to the infringing nature of Sunbeam’s sales.
                       *   *    *
  The judgment of the United States Court of Appeals for
the Federal Circuit is
                                              Affirmed.
                 Cite as: 563 U. S. ____ (2011)           1

                   KENNEDY, J., dissenting

SUPREME COURT OF THE UNITED STATES
                         _________________

                           No. 10–6
                         _________________


      GLOBAL-TECH APPLIANCES, INC., ET AL.,

           PETITIONERS v. SEB S. A. 

 ON WRIT OF CERTIORARI TO THE UNITED STATES COURT OF 

           APPEALS FOR THE FEDERAL CIRCUIT

                        [May 31, 2011] 


  JUSTICE KENNEDY, dissenting. 

  The Court is correct, in my view, to conclude that 35 

U. S. C. §271(b) must be read in tandem with §271(c), and
therefore that to induce infringement a defendant must
know “the induced acts constitute patent infringement.”
Ante, at 10.
  Yet the Court does more. Having interpreted the stat-
ute to require a showing of knowledge, the Court holds
that willful blindness will suffice. This is a mistaken step.
Willful blindness is not knowledge; and judges should not
broaden a legislative proscription by analogy. See United
States v. Jewell, 532 F. 2d 697, 706 (CA9 1976) (en banc)
(Kennedy, J., dissenting) (“When a statute specifically
requires knowledge as an element of a crime, however, the
substitution of some other state of mind cannot be justified
even if the court deems that both are equally blamewor-
thy”) In my respectful submission, the Court is incorrect
in the definition it now adopts; but even on its own terms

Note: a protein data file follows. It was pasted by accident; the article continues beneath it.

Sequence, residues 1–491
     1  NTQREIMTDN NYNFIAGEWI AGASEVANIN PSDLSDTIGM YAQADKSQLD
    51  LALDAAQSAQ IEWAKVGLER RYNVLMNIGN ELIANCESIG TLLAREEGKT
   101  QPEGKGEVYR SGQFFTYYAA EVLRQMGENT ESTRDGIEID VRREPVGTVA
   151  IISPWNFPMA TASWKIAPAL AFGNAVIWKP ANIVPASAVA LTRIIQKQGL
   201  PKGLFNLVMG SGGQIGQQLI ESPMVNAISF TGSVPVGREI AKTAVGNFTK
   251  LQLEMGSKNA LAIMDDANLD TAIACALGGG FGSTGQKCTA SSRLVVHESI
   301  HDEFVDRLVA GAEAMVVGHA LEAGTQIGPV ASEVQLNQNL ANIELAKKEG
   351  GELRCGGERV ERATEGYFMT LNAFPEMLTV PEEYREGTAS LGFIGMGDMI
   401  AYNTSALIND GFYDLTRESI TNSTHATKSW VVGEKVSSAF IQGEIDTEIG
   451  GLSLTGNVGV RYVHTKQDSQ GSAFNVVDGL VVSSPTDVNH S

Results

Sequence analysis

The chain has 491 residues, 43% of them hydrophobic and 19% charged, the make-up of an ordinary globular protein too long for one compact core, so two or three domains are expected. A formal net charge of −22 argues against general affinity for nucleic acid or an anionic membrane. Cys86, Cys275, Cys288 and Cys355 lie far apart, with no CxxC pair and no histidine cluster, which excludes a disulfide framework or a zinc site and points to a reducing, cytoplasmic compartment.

the Court should remand to the Court of Appeals to con-
sider in the first instance whether there is sufficient evi-
dence of knowledge to support the jury’s finding of
inducement.
  The Court invokes willful blindness to bring those who
lack knowledge within §271(b)’s prohibition. Husak &
Callender, Wilful Ignorance, Knowledge, and the “Equal
2        GLOBAL-TECH APPLIANCES, INC. v. SEB S. A.

                    KENNEDY, J., dissenting

Culpability” Thesis: A Study of the Deeper Significance of
the Principle of Legality, 1994 Wis. L. Rev. 29, 35; see also
L. Alexander & K. Ferzan, Crime and Culpability: A The-
ory of Criminal Law 34–35 (2009) (cautioning against
the temptation to “distort” cases of willful blindness “into
cases of knowledge”); G. Williams, Criminal Law: The
General Part §57, p. 157 (2d ed. 1961). The Court’s defini-
tion of willful blindness reveals this basic purpose. One
can believe that there is a “high probability” that acts
might infringe a patent but nonetheless conclude they do
not infringe. Ante, at 14; see also ibid. (describing a will-